Wednesday, August 6, 2008

Lock Those Doors

I'm rather obsessive about closing all the doors and windows at night, and surely this vindicates me:

A mountain lion crept through an open door into a house outside Denver, snatched a Labrador retriever from a bedroom where two people were sleeping and left the dog's dead body outside, wildlife managers said Tuesday.

No one else was hurt in the home about 14 miles southwest of Denver.

Wildlife officials later trapped the 130-pound male cat using the dog's body as bait and fatally shot it.

Colorado Division of Wildlife spokesman Tyler Baskfield said the cat entered the house through open French doors early Monday and fled with the Labrador after the owners woke up.

"The people got up and looked around and saw the mountain lion's tail leaving the house," Baskfield said.
Is it just me, or is using the dead dog as bait a little callous? Granted, it's not quite to the level of salvaging the gold from the teeth of Holocaust victims, but it does have that same "oh well, might as well get some good out of it" quality to it, or so it seems to me. Did they sell its carcass to a local meat processing plant after its use as cougar bait? Turn its skin to dog-leather moccasins? Have its head stuffed, mounted, and sold on eBay? Part it out to the dog organ transplant trade?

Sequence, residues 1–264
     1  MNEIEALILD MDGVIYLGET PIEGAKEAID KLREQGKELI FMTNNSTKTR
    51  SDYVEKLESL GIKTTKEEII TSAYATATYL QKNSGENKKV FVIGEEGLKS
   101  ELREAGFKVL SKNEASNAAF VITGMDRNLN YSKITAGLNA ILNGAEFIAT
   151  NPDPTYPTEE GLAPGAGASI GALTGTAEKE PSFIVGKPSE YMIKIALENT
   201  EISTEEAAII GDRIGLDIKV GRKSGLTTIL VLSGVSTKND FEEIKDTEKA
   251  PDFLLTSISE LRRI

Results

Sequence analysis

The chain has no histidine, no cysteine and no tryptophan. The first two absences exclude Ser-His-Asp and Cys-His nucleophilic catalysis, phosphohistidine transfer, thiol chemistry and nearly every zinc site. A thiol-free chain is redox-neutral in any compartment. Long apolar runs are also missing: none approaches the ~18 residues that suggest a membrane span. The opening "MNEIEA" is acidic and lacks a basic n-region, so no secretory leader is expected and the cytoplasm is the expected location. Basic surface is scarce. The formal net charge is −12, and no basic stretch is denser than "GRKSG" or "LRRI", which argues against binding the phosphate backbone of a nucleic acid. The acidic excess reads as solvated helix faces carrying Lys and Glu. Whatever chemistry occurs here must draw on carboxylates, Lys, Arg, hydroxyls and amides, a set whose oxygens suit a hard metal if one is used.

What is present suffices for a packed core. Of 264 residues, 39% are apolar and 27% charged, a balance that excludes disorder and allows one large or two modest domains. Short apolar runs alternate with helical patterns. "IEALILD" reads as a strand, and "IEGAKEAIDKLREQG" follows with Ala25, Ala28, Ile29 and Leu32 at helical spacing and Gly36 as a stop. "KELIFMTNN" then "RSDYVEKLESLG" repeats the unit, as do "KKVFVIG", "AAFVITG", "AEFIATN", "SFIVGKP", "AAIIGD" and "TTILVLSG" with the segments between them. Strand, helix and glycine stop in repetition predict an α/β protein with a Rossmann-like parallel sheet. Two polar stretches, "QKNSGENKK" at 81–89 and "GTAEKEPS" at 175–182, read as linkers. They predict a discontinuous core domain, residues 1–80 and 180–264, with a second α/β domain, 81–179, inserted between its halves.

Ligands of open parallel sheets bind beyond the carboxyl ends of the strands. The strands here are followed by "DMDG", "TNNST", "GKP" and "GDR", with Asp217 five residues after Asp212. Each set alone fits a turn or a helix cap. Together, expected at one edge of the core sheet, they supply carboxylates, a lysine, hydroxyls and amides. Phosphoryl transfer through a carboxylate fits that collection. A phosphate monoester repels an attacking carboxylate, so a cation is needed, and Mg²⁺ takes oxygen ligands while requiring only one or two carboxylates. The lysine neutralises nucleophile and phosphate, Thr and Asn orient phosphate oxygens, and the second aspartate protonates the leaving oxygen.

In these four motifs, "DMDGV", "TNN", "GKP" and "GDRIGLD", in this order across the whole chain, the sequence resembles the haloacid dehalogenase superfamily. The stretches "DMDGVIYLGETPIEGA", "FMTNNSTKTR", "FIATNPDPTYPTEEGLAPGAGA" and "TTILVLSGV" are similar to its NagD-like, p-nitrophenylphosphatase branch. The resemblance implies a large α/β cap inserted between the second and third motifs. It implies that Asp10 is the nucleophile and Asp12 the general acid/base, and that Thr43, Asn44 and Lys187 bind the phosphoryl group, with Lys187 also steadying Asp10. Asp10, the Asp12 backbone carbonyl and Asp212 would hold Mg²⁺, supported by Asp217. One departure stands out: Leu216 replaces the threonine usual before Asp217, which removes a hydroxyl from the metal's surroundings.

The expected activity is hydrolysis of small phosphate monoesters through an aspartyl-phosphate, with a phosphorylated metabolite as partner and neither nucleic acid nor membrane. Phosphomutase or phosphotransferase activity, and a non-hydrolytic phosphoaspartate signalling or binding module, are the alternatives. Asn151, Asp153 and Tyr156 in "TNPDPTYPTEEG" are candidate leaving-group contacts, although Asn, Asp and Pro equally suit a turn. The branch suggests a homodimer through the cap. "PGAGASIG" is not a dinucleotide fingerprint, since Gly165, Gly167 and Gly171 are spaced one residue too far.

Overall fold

Also -- and again, maybe it's just me -- but does shooting the cougar really accomplish anything? The first cougar to be drawn to the dead dog bait was killed. It may or may not be the same cougar the people saw leaving the house (and let's all take notice of the fact that the cougar did politely exit the house after it had accomplished its business). Even if it is the same cougar, should cougars be gunned down for hunting?

The theory, I gather, is that this particular cougar has demonstrated a fearlessness toward human settings, and therefore unless it is killed, neither dog nor man can sleep safely in the area. But is this behavior truly atypical of cougars? Are there "good" cougars routinely loath to pass through french doors, a distinguished from "wayward" cougars willing to pursue prey without regard to property boundaries?

I'm honestly not sure. But I know I'll be closing the doors at night.

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